A reformation appeal against such decisions is open to the Luxembourg Financial Institution concerned, and can be lodged with the Administrative Court.
“Zero” or “Nil reporting”
The FATCA law confirms that the first reporting on the part of Luxembourg Financial Institutions, related to the year 2014, is due on 30 June 2015 at the latest.The existence of an obligation to file “zero” or “nil” reporting in case a Reporting Financial Institution has no Reportable Account to declare has been long debated, especially since the change of position of the U.K. and other tax authorities in this respect.
The existence of such an obligation to file “zero” or “nil” reporting in Luxembourg is confirmed in the comments attached to the bill of law n°6798. Indeed, at the occasion of the comment under article 2 (5) of the FATCA law dealing with the penalties incurred by Financial Institution that would not fulfil their FATCA obligations, the author of the FATCA law mentions that “even in case the amounts to be declared would be zero, the Reporting Financial Institution is required to communicate a report with a zero value (“un message à valeur zero”) (…).”
Article 2 (2)( a) (1) of the Luxembourg IGA mentioning the U.S. taxpayer identifying number (“U.S TIN”) among the pieces of information to be reported by Luxembourg Reporting Financial Institutions.
In this respect the FATCA bill requires under its article 2 (6) that “pursuant to article 2, paragraph 2, letter a, point 1 of the Agreement [the Luxembourg IGA] and concerning the communication for year 2017 and subsequent years, the Luxembourg Reporting Financial Institution is required to use all means (“mettre en oeuvre tous les moyens”) in order to obtain and report the U.S. TIN, in the meaning of article 1, paragraph 1, letters kk of the Agreement, for each Specified U.S. Person.”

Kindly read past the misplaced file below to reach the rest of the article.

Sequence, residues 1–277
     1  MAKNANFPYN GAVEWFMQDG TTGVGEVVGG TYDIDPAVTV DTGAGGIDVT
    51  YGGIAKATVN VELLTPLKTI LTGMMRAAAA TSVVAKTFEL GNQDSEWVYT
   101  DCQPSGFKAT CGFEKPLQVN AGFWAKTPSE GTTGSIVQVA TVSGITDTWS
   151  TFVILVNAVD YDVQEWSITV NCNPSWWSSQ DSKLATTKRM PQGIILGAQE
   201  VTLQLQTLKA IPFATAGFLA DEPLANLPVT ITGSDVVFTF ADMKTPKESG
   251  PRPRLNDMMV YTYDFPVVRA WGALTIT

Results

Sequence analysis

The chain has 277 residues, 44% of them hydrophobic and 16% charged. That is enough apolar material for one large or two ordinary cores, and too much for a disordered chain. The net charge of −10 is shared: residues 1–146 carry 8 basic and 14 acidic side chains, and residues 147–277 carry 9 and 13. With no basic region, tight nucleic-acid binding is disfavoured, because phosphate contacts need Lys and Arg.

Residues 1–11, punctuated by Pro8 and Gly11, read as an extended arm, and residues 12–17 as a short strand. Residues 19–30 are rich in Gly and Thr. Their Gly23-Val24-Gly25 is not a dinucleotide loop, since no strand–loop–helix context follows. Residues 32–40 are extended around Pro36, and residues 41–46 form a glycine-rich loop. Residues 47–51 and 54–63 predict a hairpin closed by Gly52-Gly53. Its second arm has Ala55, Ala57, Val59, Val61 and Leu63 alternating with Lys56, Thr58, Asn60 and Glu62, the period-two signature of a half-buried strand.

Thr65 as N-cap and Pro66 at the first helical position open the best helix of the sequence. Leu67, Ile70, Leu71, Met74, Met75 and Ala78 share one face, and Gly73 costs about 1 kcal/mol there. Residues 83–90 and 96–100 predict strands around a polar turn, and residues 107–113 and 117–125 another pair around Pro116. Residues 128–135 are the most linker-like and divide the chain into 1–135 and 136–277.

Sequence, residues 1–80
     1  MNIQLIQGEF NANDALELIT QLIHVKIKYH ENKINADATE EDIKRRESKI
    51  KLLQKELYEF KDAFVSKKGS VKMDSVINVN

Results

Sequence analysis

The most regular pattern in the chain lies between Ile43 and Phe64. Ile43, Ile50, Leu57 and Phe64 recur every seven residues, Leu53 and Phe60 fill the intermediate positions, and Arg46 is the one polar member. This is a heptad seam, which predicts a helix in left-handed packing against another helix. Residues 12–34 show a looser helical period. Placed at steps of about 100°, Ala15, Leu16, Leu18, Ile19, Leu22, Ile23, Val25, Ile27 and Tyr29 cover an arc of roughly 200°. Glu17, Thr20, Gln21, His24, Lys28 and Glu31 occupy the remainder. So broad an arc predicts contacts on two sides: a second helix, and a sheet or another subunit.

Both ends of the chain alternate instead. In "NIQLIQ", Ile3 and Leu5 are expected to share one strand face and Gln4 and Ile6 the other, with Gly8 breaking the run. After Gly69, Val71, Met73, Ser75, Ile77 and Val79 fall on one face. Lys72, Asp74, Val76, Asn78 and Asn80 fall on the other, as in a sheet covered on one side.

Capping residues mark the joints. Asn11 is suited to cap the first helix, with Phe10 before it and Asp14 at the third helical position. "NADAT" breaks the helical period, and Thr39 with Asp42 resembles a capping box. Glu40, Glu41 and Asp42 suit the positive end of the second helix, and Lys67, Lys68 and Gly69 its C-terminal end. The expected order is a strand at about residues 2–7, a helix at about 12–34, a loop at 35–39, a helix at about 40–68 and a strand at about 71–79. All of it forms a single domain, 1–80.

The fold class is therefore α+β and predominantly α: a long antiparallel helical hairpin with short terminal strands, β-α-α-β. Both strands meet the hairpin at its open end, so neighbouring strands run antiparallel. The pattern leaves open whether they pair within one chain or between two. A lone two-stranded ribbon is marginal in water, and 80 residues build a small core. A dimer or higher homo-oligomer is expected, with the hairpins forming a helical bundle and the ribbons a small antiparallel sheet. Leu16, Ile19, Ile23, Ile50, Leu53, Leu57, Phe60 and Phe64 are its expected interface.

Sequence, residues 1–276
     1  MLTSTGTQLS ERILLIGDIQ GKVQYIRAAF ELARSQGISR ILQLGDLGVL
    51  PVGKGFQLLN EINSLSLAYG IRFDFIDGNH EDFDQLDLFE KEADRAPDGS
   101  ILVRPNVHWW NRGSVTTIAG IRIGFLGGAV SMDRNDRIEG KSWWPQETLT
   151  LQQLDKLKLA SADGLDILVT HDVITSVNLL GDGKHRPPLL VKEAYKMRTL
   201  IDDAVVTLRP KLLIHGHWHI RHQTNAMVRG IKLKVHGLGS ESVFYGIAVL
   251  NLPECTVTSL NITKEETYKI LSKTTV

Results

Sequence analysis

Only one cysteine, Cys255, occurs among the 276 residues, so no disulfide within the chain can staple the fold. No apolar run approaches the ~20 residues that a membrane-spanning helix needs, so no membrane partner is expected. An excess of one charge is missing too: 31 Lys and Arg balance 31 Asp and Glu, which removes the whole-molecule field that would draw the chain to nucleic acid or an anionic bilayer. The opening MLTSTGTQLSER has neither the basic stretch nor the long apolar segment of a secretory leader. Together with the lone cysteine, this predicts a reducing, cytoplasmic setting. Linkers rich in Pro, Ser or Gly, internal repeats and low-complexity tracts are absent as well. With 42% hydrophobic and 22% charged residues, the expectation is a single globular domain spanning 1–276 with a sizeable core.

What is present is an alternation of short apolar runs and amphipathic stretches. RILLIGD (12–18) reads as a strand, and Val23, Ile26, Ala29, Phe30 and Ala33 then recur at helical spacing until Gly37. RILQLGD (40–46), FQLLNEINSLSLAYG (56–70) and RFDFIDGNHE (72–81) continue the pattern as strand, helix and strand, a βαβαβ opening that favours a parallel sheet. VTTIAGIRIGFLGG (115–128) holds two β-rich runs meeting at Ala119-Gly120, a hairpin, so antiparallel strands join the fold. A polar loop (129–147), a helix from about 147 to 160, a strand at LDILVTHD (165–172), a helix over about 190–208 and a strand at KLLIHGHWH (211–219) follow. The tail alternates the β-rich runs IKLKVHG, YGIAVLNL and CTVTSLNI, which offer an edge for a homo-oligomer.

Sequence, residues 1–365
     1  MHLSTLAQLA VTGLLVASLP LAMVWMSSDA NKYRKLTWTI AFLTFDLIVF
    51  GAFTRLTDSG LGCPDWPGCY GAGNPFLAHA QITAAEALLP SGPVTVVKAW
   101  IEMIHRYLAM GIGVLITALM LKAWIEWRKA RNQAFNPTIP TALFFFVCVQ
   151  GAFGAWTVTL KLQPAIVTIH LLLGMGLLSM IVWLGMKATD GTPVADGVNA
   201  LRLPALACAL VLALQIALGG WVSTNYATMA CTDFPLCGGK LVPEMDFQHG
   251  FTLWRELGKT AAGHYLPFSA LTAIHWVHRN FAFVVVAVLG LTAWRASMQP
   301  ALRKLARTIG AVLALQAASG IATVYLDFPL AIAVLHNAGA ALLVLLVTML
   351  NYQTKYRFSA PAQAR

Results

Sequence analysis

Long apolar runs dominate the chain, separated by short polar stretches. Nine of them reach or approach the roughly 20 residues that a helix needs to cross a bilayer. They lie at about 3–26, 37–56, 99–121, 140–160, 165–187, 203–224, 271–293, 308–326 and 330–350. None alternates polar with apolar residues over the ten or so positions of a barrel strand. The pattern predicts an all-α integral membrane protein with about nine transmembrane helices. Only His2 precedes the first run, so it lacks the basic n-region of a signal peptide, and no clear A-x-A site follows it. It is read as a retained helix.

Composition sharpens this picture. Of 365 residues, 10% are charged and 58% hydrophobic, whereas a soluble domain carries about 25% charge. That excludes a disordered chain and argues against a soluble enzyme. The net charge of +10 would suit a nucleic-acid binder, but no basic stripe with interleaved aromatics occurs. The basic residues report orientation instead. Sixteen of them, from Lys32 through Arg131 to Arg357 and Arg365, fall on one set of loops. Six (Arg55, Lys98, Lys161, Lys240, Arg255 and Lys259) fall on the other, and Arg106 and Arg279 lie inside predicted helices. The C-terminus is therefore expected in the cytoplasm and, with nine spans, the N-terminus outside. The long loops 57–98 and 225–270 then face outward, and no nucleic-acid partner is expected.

Link with OECD and EU initiatives
In the presentation of the reasons for the filing of the bill of law (“exposé des motifs”) the author of the bill of law n°6798 specifically refers to OECD and EU initiatives, respectively the Common Reporting Standard (“CRS”) and the European directive 2011/16/UE on Administrative cooperation in the field of taxation recently amended by the European directive 2014/207/UE (the “revised DAC”), often nicknamed “OECD FATCA” and “EU FATCA”.
The commitment taken by Luxembourg to implement the new global standard on automatic exchange of information set forth by the CRS and the revised DAC at the latest as from 2017 with respect to information related to tax year 2016 is formalized and reiterated.
A translation of the Luxembourg IGA has been exchanged via diplomatic notes on 3 June and 25 July 2014 between Luxembourg and U.S. authorities. In some cases, the French terminology in this document does not match with the one used by the OECD in the official French version of the CRS (largely based on the model I IGA which also served as a basis for the Luxembourg IGA). For consistency purposes and in order to simplify the interpretation and avoid confusion and doubts, the author of the bill of n°6798 confirms in the comment under article 1 of the FATCA law that it is more appropriate to use the French terminology of the official translation of the CRS de facto confirming that the initial French translation of the Luxembourg IGA should not be used anymore.
Based on article 3 (4) of the FATCA law the Luxembourg Financial Institution must inform each individual concerned that information concerning him/her will collected and transferred in accordance to the Luxembourg IGA.
This measure is particularly interesting since it is not foreseen by the Luxembourg IGA itself. The inclusion of this provision in the FATCA law is rather the evidence of the influence of the future revised DAC and the CRS in the context of which such information is mandatory, as well as the consideration of the EU legislation on personal data protection.
As a next step, the Luxembourg State Council will need to provide its comments on the bill, before it will be subject to parliamentary vote.